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Drill Doctor review - Confession time

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  • Drill Doctor review - Confession time

    This is embarrassing. I posted a review in good conscience generally praising the efficasy of the Drill Doctor 750 but panning its performance on smaller drills. I called the Drill Doctor people and was quickly connected with Denice their tech person. She walked me through several scenario none of which corrected the problem of unpredictably poor centering of small drills in their drill chuck/cam unit.

    Afterwards I carefully checked the assembly of the chuck until I discovered it was incorrectly assembled - twice. Once from the factory and once by me. There are shallow guides molded into the chuck barrel that the jaws have to engage in order to correctly align with the axis. This is tricky because the jaws are merely hardened sheet metal that dangle from a hairpin spring. The insertion of the jaws simultaneously in their guide slots has to be verified as it's assembled. A judicious nudge with a scribe helps the process. Once properly engaged the jaws stay put and accurately center.

    I appoligize to Professional Tool Manufacturing, makers of the Drill Doctor for incorrectly re-assembling their chuck and writing a review declaring a defiency that was not true. I also metaphorically kick their butts for not assembling their chuck correctly in the first place.

    So to amend my earilier review:

    Ensure the Drill Doctor chuck/cam units are correctly assembled so the jaws engage the slots in the thrust collar as well as the slots in the barrel. Mine were not and when I disassembled it for inspection and diagnosis I incorectly reassembled it in the same way it came from the factory. Without correct assembly it will not sharpen smaller drills so the point is correctly centered.

    The spring jaws inside the alignment port sometimes hang up. Be sure to wiggle the drill while it's a bit loose in the chuck so the spring jaws in the alignment port index the drill in time with the cam in the chuck. Only then do you snug up the chuck.

    Closely examine the clearance angle on smaller drills. I discovered on my unit the smaller the drills got the closer the as-ground clearance got to zero. While they cut they were slow to feed. I set the alignment adjustment lever to "+" to gain a bit more clearance and the drills cut better. This lever needs some intermediate positions.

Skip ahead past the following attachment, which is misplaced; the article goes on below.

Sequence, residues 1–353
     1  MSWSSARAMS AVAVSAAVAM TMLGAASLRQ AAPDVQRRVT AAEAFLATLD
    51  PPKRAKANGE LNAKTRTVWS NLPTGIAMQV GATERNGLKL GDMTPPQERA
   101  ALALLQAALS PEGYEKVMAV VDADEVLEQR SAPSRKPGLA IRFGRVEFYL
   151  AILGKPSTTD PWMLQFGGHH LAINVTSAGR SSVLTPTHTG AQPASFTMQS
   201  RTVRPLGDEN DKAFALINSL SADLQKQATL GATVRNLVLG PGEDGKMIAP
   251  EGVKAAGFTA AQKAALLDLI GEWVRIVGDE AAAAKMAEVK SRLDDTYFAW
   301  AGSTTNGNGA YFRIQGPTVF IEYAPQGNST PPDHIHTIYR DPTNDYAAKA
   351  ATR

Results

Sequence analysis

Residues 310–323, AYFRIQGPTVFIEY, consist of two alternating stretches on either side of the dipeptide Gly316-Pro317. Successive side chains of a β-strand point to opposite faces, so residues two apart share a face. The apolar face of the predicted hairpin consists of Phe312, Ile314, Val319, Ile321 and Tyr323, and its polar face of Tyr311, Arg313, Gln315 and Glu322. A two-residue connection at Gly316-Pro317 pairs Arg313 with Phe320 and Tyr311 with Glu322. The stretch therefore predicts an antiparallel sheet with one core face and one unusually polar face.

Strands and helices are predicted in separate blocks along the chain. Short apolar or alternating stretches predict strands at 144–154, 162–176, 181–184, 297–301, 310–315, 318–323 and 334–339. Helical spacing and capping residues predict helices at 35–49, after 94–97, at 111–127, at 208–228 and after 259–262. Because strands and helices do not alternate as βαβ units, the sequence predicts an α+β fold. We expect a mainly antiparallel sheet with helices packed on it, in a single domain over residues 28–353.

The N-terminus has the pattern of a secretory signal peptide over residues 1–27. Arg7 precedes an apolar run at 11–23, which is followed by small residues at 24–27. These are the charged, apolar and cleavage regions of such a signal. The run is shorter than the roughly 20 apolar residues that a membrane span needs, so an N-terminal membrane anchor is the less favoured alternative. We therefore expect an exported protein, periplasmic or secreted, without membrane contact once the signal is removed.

Follow these steps not mentioned in the manual and you'll sharpen drills down to the 3/32" minimum so the points are accurately centered.

    Sorry for my screw-up. I fully endorse the Drill Doctor as a drill sharpening asset for the home shop.

  • #2
    Thanks Forest,

    I've often thought about buying one of those, but I've always sharpened mine by eye. An endorsement from you means quite a lot to me. I'll put one on my list of must-haves. After that maybe an end mill sharpening fixture.



    • #3
      Forrest, you might consider adding this to your original posting so future searchers will find all of your applicable information in one place.
      Location: North Central Texas


      • #4
        Been there done that.

        It surely helps, but after a few dozen drills it is back to problems, I found out. I wouldn't rush to apologize too fast!
        CNC machines only go through the motions.

        Ideas expressed may be mine, or from anyone else in the universe.
        Not responsible for clerical errors. Or those made by lay people either.
        Number formats and units may be chosen at random depending on what day it is.
        I reserve the right to use a number system with any integer base without prior notice.
        Generalizations are understood to be "often" true, but not true in every case.


        • #5
          After the review I decided to break out my DD 750 again and give-er a test. I had not used it in three years cause I was not impressed with it's (my) ability to grind small bits.

          So I went at it again on a garbage HF black oxide bit. It was a new bit (should have taken a picture) and looked like they just drug it across a stone at whatever angle and said "it's shap". Well it wasn't so I reground it with the DD.

          It didnt take more than a minute. The bit is a 3/32". The shape is uniform front to back, the surface could be smoother. I kinda see lines which can be felt with my finger nail. A finer stone, (diamond is stone isn't it?) maybe.

          But overall it's heads and flutes above the original. Does it cut? Dunno yet, I wanted to attempt a picture with my cheapy camera first. JRouche